• Howard Eisley was plucked off the trash heap by the Jazz. Waived by both Minnesota and San Antonio, the Jazz thought he could be a decent reserve. While his first two seasons were rather pedestrian, he showed what could really do in the 1997 Finals run. He was the best back-up point guard Stockton ever had, and helped extend Stockton’s career by absorbing more and more minutes, even playing alongside #12. He was efficient and showed a deft outside touch.
  • Paul Millsap was college basketball’s best rebounder, yet few had heard much about him. Many viewed him as an undersized power forward who might have difficulty adapting to the pro game. He destroyed those doubts quickly, emerging as a tremendous bench player his rookie season. He got better each season (including the wonderful string of double-doubles) until he took over the starting gig when Carlos Boozer exited. He was a borderline All-Star the past few seasons, while his advanced statistics showed he was among the NBA’s best. His hard work and endless effort will always endear him to the Jazz community.
  • Wesley Matthews went undrafted and was trying to make a team with plenty of wings (Ronnie Brewer, CJ Miles, Kyle Korver, Andrei Kirilenko). He took advantage of some preseason injuries to eke his way onto the roster. Matthews quickly became a rotational player, even started in the playoffs and helped defend Carmelo Anthony and Kobe Bryant. While Portland stole him after one season, he was another success story for the Jazz.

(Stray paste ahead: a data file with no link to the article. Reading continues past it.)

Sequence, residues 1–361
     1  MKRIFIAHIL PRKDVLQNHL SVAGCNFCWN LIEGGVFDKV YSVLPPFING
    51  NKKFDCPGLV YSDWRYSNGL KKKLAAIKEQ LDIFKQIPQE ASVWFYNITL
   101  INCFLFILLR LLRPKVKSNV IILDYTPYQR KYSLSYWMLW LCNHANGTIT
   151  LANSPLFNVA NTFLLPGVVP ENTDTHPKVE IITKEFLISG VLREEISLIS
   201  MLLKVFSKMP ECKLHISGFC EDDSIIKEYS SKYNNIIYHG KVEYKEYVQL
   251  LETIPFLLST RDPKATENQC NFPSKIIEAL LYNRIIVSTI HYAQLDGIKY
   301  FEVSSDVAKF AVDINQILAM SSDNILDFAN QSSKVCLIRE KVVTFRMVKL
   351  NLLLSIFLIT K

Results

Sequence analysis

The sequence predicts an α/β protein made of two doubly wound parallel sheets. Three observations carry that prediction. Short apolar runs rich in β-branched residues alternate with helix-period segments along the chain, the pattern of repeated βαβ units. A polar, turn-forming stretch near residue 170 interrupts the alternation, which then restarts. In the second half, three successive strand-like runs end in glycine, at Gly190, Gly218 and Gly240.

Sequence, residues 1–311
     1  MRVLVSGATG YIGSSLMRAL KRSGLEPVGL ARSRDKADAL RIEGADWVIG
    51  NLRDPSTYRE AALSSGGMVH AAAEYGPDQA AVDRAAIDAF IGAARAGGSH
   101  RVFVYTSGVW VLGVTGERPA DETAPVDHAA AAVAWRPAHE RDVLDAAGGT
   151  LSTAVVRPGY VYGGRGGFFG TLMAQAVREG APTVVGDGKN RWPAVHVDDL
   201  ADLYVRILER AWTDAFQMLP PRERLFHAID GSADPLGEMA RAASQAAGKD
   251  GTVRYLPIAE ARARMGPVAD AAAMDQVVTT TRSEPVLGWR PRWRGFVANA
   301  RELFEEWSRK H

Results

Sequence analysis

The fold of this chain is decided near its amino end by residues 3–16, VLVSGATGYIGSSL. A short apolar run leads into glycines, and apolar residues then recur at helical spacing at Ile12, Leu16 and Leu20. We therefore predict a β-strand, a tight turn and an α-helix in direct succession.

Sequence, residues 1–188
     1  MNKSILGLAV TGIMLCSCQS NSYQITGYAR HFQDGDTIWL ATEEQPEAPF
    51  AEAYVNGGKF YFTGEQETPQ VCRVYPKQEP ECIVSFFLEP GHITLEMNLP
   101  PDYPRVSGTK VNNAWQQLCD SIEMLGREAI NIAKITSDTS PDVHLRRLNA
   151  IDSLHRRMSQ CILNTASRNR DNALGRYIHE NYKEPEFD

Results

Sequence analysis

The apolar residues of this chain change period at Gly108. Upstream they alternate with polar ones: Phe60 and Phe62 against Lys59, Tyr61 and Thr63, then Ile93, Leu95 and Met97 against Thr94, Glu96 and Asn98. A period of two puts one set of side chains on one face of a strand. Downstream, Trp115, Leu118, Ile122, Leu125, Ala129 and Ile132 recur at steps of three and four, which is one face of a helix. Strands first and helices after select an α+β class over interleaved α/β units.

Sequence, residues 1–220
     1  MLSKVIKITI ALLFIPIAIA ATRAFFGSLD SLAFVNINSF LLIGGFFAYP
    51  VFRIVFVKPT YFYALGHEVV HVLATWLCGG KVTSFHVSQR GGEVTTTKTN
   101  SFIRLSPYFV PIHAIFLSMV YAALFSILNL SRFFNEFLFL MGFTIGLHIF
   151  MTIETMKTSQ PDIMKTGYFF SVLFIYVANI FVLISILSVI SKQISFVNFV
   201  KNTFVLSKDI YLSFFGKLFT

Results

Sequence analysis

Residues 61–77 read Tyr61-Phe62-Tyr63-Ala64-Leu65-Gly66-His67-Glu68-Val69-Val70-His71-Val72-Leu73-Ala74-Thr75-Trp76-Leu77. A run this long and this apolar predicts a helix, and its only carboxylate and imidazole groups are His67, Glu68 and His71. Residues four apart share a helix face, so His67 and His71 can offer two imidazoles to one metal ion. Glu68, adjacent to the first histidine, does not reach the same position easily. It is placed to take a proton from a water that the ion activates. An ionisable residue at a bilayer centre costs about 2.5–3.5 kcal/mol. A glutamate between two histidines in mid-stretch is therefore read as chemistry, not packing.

• There are plenty of others: Mo Williams (his first stint), Raja Bell (ditto), Greg Foster, Carlos Arroyo, John Crotty, Jarron Collins (had a nice rookie season and while not spectacular, a long career), and DeMarre Carroll all come to mind.

As I study Clark’s game more, I think he will prove to be a capable rotational player for the Jazz. As a combo guard who can open up things with his perimeter marksmanship, he could see solid minutes from the get-go – especially as some teammates come back from injury.

Who knows… perhaps the Jazz have found yet one more diamond.

Author information

David J Smith
David J Smith